Of Testimonies and Brick Walls and JewishGen Success stories #general


Hello All.

I have found over the years reaching out to this community to solve the most
obscure puzzles, more often than not, there is someone who has a special
knowledge and rises to solve the unsolvable problem. So, I am now reaching
out as many have before me.

A person contacted me because of my interest in the town of Subacius Lithuania
vis a vis Jewish Gen. They had reached their own brick wall in their family

I had been far "luckier" in so far as there have been records for my family
branch taking my journey back to the late 1700s in Lithuania. I say lucky
because as many of you Litvak researchers know, Lithuanian records can be
sparse just at the moment when you need them most.

After some weeks we determined we might be just one generation away >from
linking her family to mine, i.e. our common branch.

I proposed she take a DNA test. So she did and the results indicated we were
indeed related to the degree where we thought our common link might be. Her
two brothers then took the test.

Her father was born in Subacius Lithuania in 1911. In that same year his
father passed away. The story goes, he had gone to America hoping to
eventually bring the rest of the family over, but he fell ill and died. There
is no found record for him yet in the United States.

After the outbreak of the first world war the family was expelled >from
Lithuania and did not return until the early 1920's and when Lithuania became
a sovereign state. Through passport records that still exist, we learned her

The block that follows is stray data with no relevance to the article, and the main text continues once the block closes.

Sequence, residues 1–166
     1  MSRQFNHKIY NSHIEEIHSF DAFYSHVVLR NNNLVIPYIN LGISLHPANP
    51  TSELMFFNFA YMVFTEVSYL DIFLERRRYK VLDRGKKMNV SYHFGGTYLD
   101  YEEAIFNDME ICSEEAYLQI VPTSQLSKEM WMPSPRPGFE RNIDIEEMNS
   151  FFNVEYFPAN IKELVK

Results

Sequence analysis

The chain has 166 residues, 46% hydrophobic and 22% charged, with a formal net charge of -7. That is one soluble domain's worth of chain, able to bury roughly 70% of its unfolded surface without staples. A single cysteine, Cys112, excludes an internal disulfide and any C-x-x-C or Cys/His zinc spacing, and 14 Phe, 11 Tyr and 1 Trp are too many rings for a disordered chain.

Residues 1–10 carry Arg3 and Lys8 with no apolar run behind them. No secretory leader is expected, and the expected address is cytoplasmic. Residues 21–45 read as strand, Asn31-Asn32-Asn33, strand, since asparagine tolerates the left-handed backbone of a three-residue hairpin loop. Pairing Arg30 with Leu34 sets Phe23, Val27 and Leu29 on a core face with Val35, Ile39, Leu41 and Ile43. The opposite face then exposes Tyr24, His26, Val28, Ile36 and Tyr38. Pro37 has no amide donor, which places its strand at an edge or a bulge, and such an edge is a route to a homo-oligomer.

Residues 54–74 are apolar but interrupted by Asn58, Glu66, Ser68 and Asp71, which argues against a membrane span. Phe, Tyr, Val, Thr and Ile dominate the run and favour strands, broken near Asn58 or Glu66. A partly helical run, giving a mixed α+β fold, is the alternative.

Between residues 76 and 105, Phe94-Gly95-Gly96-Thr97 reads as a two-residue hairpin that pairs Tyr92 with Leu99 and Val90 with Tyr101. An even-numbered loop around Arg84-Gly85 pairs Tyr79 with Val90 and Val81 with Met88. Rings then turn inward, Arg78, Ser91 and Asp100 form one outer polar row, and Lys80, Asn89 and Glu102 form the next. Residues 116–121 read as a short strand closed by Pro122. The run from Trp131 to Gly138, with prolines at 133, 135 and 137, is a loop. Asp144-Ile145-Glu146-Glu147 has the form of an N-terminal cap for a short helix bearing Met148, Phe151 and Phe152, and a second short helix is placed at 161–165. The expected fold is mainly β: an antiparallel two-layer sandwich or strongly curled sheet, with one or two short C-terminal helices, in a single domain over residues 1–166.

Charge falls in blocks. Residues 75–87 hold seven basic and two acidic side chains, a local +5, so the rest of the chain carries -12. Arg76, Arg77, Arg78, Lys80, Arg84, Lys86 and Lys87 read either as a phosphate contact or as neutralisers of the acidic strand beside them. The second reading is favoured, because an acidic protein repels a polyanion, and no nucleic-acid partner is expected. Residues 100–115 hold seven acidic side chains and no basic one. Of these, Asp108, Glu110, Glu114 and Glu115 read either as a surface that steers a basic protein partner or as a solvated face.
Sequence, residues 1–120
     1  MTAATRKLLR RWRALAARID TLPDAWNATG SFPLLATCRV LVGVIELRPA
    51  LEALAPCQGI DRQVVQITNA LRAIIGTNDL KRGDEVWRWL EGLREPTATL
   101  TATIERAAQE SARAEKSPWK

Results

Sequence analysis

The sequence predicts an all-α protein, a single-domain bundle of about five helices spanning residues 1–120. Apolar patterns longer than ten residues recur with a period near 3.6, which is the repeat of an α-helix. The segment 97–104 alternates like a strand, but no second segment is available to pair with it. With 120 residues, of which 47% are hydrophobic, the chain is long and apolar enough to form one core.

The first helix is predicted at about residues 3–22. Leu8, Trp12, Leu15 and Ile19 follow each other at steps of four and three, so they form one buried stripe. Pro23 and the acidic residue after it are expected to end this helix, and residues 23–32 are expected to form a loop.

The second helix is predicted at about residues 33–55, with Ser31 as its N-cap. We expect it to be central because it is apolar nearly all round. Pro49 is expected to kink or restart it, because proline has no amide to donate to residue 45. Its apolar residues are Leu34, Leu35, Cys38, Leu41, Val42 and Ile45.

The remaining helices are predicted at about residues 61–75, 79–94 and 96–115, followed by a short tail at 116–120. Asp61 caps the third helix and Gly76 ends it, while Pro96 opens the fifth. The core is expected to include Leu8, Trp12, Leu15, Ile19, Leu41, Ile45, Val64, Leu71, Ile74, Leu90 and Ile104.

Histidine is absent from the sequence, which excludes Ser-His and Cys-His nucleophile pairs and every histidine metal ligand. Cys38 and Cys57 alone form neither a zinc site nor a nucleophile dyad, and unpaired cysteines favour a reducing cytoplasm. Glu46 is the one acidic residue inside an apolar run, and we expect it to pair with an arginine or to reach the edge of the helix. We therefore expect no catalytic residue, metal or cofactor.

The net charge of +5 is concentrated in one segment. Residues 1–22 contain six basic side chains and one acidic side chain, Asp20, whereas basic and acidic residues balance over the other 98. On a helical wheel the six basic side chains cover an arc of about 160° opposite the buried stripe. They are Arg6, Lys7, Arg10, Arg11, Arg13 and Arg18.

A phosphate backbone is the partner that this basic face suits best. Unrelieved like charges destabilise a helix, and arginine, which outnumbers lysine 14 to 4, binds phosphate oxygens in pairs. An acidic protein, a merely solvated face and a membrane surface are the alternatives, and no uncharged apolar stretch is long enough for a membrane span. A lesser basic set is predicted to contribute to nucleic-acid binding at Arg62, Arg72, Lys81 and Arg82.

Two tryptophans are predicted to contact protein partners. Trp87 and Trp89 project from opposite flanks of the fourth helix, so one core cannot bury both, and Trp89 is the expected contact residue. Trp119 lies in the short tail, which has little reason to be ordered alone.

father with his mother's help and witnesses >from their town had to appeal for
and prove his citizenship. He was eventually successful and received his
internal passport papers.

In 1939 Lithuania lost its short lived sovereignty, becoming a vassal state
under the Soviet Union vis a vis the signing of the Hitler-Stalin pact. By
the summer of 1941, German forces arrived in Lithuania and her father was
forced into the Kowno Ghetto with his wife and young daughter. They had
married in 1935. (There is a record for that) (There is no record yet found
for the birth of the daughter). Through all of the horror that was the Kowno
Ghetto, they survived.

In the summer of 1944 her father was placed on a transport with his wife and
now 8/9 year old daughter. The transport stopped at KZ-Stutthof where his
wife, and we presume also his daughter, were detained along with 280 other
Jews >from Kowno. After Stutthof, her father was transported to Dachau and
specifically the sub camp Kaufering I. In the summer of 1945, her father was
free again. Approximately one month after her arrival at Stuffhof, his wife
was sent to Auschwitz, where thus far, there is no record of her there. At
this moment we presume she went straight to her death upon arrival. Of the
daughter, still no record.

While recovering at the DP Hospital in the St. Otillien monastery near
Landsberg am Lech, Germany, her father met his second wife, also a survivor
of Dachau, originally >from Poland. They had their first child who died a
few days after birth and is buried at St. Otillien. They then had a second
child, a boy. Though their first choice was to go to Palestine, they were,
in 1949, resettled in Australia. After resettlement they had two more
children, a girl and a boy. It is the girl who has become my correspondent
in this story vis a vis Jewish gen and our common town Subacious.

So, for the lack of a record, she and her brothers take a DNA test. Her
results come back first indicating we are indeed cousins of a kind.
Strangely though, we share as a common cluster, DNA relationships with some